On the agenda for the Metropolitan Council, the uber-government of the seven-county Twin Cities area, is the creation of a plan called “Thrive MSP 2040.” Its purpose is to create a vision — and the how-we’ll-do-that proposals — for the next 30 years.
State law requires the council to prepare such a document every decade.
Why the Council is starting the planning for 2040 in 2012 was a bit of a mystery to me. After all, I doubt that we’ve completed everything in the 2030 plan or even the 2020 one.
But, according to Libby Starling, the council’s manager of research and regional policy, the council has to keep moving the horizon further into the future to be able to plan multi-billion-dollar public investments in sewers, transportation and housing.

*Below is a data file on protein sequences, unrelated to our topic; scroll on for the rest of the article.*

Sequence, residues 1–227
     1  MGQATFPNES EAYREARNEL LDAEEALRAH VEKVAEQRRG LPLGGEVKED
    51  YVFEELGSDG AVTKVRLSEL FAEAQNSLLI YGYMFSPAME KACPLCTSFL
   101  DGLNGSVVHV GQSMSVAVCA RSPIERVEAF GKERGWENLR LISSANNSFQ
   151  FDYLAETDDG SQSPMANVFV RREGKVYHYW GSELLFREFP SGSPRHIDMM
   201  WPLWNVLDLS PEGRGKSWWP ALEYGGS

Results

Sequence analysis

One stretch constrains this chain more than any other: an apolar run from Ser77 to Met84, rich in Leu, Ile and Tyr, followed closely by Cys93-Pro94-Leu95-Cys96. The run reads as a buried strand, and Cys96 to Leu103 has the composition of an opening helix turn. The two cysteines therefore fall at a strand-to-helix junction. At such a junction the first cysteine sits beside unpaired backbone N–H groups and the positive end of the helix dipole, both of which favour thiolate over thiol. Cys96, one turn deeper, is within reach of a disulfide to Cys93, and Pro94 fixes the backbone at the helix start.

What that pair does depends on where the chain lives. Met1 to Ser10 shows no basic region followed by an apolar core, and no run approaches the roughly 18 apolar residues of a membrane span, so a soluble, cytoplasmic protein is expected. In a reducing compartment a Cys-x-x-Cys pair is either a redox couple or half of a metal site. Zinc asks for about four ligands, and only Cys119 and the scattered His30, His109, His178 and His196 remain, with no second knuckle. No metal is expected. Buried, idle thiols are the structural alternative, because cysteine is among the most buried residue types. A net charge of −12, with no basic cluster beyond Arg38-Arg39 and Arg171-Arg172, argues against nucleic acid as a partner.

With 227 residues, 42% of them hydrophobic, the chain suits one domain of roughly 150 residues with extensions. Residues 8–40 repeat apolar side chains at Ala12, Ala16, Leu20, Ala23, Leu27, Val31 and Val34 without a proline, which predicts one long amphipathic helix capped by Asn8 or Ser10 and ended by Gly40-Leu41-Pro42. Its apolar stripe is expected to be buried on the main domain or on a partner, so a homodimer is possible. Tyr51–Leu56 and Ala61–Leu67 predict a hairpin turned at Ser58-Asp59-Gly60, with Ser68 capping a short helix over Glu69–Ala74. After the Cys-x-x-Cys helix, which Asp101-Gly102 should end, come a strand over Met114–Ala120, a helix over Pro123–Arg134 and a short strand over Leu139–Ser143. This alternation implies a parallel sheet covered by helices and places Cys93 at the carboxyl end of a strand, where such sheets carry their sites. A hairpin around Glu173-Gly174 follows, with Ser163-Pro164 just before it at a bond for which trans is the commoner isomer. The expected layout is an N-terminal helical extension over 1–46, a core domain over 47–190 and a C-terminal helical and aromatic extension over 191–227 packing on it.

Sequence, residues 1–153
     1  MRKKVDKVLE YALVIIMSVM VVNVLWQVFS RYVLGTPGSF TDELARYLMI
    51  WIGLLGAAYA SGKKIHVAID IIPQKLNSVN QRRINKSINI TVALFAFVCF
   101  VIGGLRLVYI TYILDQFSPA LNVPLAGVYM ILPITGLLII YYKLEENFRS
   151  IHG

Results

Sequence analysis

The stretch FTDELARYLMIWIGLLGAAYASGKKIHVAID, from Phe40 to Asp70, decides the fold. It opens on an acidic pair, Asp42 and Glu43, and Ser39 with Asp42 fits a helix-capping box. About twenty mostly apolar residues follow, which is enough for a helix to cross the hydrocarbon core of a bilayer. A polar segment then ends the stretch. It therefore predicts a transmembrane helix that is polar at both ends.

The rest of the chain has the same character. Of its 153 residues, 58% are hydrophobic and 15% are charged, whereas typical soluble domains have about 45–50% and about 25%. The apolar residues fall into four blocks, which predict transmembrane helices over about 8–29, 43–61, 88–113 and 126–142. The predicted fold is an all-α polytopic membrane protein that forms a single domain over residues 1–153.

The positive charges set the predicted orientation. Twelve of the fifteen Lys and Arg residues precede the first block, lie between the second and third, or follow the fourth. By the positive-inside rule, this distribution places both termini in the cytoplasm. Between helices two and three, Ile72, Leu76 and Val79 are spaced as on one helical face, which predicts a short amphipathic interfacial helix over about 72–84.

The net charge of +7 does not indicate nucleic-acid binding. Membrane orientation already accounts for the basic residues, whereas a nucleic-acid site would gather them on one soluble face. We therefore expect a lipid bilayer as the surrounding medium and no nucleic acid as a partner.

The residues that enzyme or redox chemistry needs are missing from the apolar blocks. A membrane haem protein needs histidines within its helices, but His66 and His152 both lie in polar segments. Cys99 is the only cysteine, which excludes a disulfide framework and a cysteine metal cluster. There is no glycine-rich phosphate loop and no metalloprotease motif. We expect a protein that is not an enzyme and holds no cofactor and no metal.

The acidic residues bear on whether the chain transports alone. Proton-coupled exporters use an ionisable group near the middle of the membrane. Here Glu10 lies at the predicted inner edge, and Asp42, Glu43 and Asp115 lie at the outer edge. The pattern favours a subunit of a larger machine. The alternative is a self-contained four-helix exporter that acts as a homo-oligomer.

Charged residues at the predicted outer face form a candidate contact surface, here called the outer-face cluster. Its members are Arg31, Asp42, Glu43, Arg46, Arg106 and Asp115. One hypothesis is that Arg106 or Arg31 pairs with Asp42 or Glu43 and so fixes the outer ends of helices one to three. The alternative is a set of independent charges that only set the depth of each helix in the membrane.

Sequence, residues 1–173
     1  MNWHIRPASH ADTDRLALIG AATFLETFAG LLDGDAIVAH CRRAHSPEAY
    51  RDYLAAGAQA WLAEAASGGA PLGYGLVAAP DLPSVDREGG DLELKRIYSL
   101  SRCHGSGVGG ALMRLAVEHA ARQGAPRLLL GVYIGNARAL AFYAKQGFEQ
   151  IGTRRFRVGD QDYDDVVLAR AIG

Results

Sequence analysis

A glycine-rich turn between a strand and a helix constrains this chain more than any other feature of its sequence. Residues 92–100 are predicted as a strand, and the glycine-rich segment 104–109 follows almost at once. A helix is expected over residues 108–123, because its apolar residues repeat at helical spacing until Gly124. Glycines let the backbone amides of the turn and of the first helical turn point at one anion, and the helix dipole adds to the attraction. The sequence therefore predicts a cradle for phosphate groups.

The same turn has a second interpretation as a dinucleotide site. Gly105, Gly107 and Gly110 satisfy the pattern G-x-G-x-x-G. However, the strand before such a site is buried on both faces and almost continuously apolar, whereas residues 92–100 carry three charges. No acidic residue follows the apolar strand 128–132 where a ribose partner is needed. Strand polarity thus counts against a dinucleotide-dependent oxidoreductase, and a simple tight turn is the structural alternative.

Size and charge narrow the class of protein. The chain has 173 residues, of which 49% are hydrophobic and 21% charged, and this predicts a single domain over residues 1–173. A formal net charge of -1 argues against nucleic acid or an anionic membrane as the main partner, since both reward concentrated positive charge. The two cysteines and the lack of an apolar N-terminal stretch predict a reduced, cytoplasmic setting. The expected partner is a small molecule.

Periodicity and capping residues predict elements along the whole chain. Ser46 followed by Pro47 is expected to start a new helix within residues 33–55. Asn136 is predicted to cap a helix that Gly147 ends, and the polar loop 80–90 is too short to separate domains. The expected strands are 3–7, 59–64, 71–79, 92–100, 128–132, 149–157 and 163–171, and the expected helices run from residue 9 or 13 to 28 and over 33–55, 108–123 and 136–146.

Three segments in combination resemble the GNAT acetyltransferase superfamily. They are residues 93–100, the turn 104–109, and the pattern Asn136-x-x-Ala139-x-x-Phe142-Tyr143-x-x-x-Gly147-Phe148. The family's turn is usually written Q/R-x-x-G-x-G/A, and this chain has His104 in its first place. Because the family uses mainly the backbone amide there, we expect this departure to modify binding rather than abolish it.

In the past, the council proposed, and the people disposed. In other words, the experts worked out the plan and then held gazillions of meetings (my number, not theirs) with community and business groups, local government leaders and residents to get their reactions.
This time, they’re going to the people first.
Only a couple weeks ago, the Council established a website, a kind of Wiki, if you will, where you can answer the question “What does the Twin Cities Region Need to Thrive?”
The purpose of this exercise, says Met Council Chair Susan Haigh, is “to work together as one region to build 21st century regional infrastructure to produce robust local communities, support job growth, and connect people to their workplaces, schools, activities, and the places they call home. To do that, we need participation from as many residents as possible.”
This process is called “visioning,” and according to Eugene McCann, an assistant professor of geography at Ohio State University, it has become one of the prevailing trends in city planning.
Using ordinary people and civic leaders as policy wonks, it aims to develop goals for the future of a city through consensus among all interested parties.